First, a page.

LII spokesman Okki Soebagio said in a statement that “less than 0.005 per cent of the reserve” would be developed, making it “the lowest density private island resort development in the world”.
“The Maldives, by comparison, allows up to a 30 per cent development ratio,” Okki said.
While the firm’s master plan underlines that tourism in the islands would not be on similar scale to Bali, Parid of Walhi said any eco-tourism in the area should put the local community at its heart, instead of foreign tourists with deep pockets.
“We have lots of evidence on the ground that the people have already done spatial and water use management. They have contributed to maintaining the sustainability of marine space [in the Widi Islands],” he said.
“Don’t just invite investors from abroad and then see it as a form of success. We think that’s wrong. They should invest in what the people are already doing there to protect the ecosystem, that’s the real investment.”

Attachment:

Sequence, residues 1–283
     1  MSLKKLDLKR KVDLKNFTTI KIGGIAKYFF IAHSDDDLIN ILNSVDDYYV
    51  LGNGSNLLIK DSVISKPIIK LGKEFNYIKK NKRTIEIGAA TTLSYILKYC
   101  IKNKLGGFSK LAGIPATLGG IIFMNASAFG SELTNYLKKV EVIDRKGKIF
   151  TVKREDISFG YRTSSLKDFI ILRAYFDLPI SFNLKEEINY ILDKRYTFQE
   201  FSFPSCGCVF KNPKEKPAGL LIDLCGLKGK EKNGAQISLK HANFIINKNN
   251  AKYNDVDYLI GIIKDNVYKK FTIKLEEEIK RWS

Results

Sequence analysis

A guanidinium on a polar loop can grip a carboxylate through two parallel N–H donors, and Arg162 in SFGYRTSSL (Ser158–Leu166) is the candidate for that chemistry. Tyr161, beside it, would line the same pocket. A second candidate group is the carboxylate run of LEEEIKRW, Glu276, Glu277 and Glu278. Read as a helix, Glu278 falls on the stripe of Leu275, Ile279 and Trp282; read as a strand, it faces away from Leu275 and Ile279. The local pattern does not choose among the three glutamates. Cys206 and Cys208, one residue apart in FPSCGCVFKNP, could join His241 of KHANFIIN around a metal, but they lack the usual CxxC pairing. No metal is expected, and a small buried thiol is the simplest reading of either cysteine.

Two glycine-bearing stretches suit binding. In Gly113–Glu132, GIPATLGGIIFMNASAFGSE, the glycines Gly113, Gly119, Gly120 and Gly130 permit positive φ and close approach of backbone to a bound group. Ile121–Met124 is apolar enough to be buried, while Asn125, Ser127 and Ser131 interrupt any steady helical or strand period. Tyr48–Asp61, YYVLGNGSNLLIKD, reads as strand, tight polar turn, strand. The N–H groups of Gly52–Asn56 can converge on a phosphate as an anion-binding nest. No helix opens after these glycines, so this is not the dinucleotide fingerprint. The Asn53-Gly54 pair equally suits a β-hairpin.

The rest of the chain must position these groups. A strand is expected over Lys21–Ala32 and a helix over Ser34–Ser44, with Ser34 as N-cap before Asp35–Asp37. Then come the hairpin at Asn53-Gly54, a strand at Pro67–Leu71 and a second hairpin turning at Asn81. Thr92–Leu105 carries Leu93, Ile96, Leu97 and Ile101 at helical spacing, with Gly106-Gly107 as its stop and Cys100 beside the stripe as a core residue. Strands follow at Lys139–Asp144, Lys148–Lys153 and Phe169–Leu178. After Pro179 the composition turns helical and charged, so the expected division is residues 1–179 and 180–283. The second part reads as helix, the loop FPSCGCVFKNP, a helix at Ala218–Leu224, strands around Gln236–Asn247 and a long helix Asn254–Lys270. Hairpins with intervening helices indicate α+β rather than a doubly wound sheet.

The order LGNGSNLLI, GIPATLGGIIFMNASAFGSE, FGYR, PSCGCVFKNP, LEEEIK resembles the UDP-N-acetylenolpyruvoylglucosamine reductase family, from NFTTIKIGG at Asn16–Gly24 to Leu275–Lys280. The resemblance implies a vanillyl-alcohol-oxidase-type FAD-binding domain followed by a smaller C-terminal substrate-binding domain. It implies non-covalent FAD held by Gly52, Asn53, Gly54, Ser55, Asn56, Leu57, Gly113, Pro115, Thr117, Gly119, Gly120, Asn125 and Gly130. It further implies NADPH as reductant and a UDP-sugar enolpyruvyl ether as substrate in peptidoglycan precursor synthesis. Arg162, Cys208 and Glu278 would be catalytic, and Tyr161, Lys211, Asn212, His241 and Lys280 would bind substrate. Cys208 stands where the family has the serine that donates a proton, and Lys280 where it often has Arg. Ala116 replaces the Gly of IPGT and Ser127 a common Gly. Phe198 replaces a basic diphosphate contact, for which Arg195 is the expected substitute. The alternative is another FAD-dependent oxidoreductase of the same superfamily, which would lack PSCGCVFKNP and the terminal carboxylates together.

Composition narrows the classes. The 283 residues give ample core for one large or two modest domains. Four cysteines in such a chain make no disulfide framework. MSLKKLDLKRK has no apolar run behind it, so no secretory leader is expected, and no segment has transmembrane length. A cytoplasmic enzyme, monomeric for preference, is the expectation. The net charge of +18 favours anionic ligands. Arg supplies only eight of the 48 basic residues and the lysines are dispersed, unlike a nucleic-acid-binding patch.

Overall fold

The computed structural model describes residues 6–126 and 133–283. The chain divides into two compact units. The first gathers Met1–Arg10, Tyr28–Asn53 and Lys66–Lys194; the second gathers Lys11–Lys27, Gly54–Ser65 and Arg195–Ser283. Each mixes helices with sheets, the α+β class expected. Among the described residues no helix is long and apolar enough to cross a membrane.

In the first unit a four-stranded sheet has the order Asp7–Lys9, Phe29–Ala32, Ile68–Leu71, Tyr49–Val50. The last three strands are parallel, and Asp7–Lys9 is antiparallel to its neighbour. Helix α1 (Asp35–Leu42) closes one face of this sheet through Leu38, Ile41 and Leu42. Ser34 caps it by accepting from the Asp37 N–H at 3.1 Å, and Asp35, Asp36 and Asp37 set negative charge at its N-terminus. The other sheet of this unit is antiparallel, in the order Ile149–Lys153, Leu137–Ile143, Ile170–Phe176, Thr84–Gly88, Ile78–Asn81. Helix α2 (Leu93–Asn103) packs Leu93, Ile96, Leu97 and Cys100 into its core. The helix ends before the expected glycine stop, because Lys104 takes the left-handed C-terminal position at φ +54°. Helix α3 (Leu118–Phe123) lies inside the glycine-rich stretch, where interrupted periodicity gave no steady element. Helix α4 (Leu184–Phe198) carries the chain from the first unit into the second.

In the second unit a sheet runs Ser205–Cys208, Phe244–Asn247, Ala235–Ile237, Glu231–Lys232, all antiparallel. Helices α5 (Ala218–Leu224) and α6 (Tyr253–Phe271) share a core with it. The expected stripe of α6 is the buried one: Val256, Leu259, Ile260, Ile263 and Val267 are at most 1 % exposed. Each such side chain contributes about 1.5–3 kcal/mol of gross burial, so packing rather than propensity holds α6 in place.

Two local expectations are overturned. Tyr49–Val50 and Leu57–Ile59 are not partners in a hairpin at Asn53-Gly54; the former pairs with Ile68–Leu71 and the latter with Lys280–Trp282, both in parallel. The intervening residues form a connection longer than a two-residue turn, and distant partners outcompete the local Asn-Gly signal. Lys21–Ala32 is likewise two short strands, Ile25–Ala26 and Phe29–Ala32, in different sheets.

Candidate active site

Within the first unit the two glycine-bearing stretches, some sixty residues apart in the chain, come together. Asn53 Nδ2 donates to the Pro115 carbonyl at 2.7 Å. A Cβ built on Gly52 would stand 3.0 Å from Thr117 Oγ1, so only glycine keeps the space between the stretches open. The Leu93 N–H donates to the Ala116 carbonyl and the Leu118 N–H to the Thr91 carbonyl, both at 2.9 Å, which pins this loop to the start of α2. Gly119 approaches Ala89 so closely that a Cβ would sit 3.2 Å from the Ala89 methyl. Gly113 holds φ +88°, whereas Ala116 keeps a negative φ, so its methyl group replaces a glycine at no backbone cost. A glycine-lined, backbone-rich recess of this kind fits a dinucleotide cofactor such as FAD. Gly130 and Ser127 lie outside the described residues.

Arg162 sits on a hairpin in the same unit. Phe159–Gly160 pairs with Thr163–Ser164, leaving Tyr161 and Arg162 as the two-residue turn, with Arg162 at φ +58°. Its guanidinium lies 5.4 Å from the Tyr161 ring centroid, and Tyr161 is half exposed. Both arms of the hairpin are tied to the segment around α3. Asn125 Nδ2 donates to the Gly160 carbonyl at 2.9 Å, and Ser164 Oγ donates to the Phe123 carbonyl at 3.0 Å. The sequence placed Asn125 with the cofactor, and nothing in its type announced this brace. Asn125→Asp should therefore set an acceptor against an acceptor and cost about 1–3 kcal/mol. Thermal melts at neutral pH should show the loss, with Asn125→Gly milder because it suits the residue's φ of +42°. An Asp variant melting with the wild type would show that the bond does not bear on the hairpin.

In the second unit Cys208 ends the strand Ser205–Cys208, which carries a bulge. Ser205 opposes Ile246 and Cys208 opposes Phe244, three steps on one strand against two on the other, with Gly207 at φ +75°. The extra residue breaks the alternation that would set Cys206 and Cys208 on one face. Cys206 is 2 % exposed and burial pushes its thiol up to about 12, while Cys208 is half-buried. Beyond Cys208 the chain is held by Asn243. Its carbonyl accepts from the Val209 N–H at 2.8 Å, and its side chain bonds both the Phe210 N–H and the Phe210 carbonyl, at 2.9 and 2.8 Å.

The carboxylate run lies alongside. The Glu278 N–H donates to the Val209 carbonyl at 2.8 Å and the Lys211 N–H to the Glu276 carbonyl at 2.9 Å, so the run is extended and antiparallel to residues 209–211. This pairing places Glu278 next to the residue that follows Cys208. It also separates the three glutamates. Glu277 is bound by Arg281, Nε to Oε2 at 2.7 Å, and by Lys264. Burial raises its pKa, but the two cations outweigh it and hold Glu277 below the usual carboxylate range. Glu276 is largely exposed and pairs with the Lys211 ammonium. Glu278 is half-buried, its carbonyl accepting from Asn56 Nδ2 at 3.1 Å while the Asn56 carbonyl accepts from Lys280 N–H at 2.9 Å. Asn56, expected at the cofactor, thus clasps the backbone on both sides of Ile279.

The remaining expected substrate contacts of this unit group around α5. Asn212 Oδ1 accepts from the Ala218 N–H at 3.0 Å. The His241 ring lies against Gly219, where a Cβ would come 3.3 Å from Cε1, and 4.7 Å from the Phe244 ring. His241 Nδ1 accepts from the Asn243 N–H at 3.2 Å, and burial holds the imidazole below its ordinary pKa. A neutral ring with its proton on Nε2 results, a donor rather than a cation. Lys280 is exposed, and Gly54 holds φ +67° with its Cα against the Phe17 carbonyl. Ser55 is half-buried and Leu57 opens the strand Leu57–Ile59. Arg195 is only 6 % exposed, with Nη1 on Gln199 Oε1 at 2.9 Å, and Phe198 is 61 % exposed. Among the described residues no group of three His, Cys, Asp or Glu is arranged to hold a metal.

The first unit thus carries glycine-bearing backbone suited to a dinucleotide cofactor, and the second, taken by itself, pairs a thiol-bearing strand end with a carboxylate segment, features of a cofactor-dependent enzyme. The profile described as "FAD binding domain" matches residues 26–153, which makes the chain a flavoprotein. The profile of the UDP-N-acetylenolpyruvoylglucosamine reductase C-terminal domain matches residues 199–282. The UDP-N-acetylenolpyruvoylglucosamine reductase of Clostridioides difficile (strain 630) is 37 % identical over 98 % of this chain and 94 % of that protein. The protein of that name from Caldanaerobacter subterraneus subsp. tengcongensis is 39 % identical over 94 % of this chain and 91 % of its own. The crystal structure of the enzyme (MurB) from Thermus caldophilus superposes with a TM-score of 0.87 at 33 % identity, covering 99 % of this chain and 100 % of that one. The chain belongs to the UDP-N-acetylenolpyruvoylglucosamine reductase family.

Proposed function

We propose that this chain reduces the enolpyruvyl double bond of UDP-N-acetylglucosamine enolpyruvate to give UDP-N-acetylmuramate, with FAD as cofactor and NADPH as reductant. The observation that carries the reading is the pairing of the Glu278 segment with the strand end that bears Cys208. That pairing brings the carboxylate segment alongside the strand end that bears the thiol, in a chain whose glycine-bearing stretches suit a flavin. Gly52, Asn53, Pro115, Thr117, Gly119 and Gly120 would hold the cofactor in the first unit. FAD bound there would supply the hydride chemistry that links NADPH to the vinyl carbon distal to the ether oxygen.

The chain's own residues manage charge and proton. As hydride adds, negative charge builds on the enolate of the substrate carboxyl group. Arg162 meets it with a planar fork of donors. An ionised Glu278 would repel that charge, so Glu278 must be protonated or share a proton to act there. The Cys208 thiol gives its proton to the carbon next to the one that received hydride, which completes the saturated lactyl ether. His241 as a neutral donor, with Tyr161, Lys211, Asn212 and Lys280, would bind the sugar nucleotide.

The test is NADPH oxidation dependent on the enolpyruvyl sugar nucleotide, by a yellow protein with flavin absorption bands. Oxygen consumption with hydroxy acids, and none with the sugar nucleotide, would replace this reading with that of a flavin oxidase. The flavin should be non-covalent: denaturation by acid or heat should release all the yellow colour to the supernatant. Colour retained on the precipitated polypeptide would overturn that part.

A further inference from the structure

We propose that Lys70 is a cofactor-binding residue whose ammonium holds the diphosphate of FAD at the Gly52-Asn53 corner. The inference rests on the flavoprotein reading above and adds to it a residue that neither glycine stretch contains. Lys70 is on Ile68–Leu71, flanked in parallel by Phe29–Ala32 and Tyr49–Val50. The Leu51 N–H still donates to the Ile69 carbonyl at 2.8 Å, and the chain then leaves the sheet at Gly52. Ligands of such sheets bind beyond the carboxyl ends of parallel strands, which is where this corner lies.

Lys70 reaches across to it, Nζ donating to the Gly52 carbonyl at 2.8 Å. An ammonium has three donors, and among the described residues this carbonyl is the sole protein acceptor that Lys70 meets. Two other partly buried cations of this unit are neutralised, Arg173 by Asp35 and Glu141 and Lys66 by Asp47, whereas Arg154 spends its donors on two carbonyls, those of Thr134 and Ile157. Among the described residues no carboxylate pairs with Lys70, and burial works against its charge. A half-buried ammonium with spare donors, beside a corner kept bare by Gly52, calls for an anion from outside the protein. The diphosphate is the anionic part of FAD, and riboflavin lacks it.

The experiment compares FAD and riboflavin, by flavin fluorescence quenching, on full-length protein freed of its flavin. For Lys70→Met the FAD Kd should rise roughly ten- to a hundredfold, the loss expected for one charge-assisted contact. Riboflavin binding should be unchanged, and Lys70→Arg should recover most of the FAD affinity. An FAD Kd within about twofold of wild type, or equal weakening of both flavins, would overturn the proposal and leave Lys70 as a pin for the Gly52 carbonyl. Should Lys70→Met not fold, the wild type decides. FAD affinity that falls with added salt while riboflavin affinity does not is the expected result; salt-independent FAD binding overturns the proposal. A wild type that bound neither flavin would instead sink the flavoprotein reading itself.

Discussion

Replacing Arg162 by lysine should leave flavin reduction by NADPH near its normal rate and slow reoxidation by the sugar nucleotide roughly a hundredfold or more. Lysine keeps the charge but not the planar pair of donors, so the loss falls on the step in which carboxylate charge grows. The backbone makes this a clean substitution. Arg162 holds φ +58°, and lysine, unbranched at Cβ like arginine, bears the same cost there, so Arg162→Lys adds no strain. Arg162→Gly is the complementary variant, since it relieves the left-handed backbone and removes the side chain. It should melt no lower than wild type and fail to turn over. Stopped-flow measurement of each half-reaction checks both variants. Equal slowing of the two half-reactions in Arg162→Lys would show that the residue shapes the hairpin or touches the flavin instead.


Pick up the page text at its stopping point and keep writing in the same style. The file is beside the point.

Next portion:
Parid also questioned whether local fishermen would still be able to fish in the waters around the islands once the lodges were built.
“The islands are invaluable to the 6,000 people that live in the six villages nearby. The Indonesian government must totally evaluate all marine conservation areas because these are used as instruments for tourism development on a large scale, which is typically accompanied by the practice of marginalising the community,” he said.
In its statement, LII said that in its master plan, there would be areas marked as conservation zones, where only “scientists on a specific scientific mission are allowed to go”, a tourism-use zone, where no fishing activities would be allowed, and “traditional, sustainable fishing” zone for the communities.
“The local fishing communities were fully consulted in this planning process as per government regulations,” it said.
Despite the controversy, LII and Sotheby’s said they would proceed with the online auction, which is scheduled for January 24.